Cerebrovascular Events in Individuals With Asymptomatic Carotid Disease
To the Editor:
I read with great interest the article by Goessens and colleagues about the prognosis of asymptomatic carotid stenosis in patients with manifest arterial disease.1 I concur with their statement that asymptomatic carotid stenosis is a predictor of vascular events including vascular death, and I also agree with a global management approach including identification and control of appropriate vascular risk factors including lifestyle changes and appropriate antithrombotic medication. However, I feel that their study provides an incomplete picture of the clinical risk especially with regards to the incidence of ischemic stroke (annual stroke risk of <1%) and that this may lead to less than optimal clinical decisions in some cases because of inherent limitations of their study.
First, it is not clear whether a certain proportion of eligible patients were lost to follow-up because this obviously could have affected the incidence of reported vascular events. As well, the possibility of missing potentially important clinical information (transient ischemic attack [TIA]) remains a concern because the design of this study called only for a biannual questionnaire and not a prospective clinical reassessment at regular intervals. Another limitation is the lack of repeated measurements to assess carotid stenosis over time, which could have determined the rates of progression and potentially identify a higher risk group for neurological events such as either TIAs or cerebral infarction. The early identification of TIAs in patients with high degree of carotid disease is important because of the increased risk of ischemic stroke in this context.2
Our group previously reported in a similar but larger cohort (n=357 with ≥50% stenosis) of neurologically asymptomatic individuals followed prospectively, a strong graded relationship between the degree of carotid stenosis documented at baseline assessment and the risk of all vascular events including TIA and ischemic stroke.3 The annual rate for ischemic stroke was 1.3% for <50% carotid stenosis, 2.2% for ≥50% and 3.6% for ≥80% stenosed arteries. Progression of carotid stenosis was also found to influence prognosis. Over an average follow-up of 3.6 years, 74 individuals with 50% to 79% degree of stenosis progressed to ≥80% (yearly progression rate of 16.4%); this was significantly associated with a 6-fold increased risk of ipsilateral TIA or ischemic stroke compared with those who did not progress to this level. The exact reasons for this difference in the reported incidence of neurological events between both studies is not clear but could be due to the particular vascular risk profile of individuals which influenced the types of vascular events during follow-up.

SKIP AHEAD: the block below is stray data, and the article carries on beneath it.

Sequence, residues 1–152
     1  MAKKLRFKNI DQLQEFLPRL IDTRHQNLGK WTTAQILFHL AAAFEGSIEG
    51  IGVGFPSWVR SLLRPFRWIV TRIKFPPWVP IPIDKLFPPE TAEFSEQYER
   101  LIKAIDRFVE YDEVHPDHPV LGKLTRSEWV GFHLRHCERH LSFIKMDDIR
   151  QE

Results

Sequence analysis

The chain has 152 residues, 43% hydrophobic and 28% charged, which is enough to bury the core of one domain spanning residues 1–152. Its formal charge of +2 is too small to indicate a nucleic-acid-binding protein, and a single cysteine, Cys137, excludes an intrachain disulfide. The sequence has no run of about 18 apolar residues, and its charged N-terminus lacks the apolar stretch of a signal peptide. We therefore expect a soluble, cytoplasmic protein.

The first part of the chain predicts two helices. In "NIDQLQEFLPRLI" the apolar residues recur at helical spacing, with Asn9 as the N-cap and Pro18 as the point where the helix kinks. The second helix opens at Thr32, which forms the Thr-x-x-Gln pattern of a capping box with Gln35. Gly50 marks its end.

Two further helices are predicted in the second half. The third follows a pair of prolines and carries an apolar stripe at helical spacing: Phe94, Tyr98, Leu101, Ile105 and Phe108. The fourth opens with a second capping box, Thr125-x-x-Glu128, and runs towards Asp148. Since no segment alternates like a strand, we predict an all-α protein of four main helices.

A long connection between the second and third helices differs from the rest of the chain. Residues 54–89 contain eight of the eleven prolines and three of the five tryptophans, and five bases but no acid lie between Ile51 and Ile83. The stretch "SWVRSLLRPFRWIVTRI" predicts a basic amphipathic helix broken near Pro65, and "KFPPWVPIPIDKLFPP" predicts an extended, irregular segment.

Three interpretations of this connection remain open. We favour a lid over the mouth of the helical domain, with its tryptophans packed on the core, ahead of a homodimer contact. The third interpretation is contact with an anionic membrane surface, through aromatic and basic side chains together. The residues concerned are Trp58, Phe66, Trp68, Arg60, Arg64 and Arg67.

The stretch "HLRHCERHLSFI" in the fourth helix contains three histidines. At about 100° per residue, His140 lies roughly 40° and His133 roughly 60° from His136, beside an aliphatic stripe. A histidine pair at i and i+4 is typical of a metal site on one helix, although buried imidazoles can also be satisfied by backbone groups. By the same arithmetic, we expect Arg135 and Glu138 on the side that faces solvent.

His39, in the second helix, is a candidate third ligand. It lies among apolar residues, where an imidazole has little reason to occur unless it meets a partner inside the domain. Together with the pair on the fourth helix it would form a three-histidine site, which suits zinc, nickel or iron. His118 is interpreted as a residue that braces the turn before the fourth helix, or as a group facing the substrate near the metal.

I would thus suggest that some individuals with clinical manifestation of other vascular conditions and concomitant asymptomatic carotid stenosis may be at higher risk for cerebrovascular events, in particular those with a high degree (≥80%) of carotid stenosis and those who progress to such a level of occlusive disease. Management should focus on preventive measures and include education of the individuals about potential symptoms (early TIA detection), counseling about lifestyles and vascular risk factors, optimal medical treatment (antihypertensives, statins and antithrombotics) and prophylactic carotid endarterectomy in selected cases taking into consideration life expectancy and surgical morbidity/mortality rates.4
Goessens BMB, Visseren FLJ, Kappelle LJ, Algra A, van der Graaf Y; for the SMART Study Group. Asymptomatic carotid artery stenosis and the risk of new vascular events in patients with manifest arterial disease. Stroke. 2007; 38: 1470–1475.
Eliasziw M, Kennedy J, Hill MD, Buchan AM, Barnett HJM; for the North American Symptomatic Carotid Endarterectomy Trial (NASCET) Group. Early risk of stroke after a transient ischemic attack in patients with internal carotid artery disease. CMAJ. 2004; 170: 1105–1009.
Mackey AE, Abrahamowicz M, Langlois Y, Battista R, Simard D, Bourque F, Leclerc J, Côté R; the Asymptomatic Cervical Bruit Study Group. Outcome of asymptomatic patients with carotid disease. Neurology. 1997; 48: 896–903.
Goldstein LB, Adams R, Alberts MJ, Appel LJ, Brass LM, Bushnell CD, Culebras A, DeGraba TJ, Gorelick PB, Guyton JR, Hart RG, Howard G, Kelly-Hayes M, (Ian) Nixon JV, Sacco RL. Primary prevention of ischemic stroke: a guideline from the American Heart Association/American Stroke Association Stroke Council: Cosponsored by the Atherosclerotic Peripheral Vascular Disease Interdisciplinary Working Group; Cardiovascular nursing Council; Clinical Cardiology Council; Nutrition, Physical Activity, and Metabolism Council; and the Quality of Care and Outcomes Research Interdisciplinary Working Group: The American Academy of Neurology affirms the value of this guideline. Stroke. 2006; 37: 1583–1633.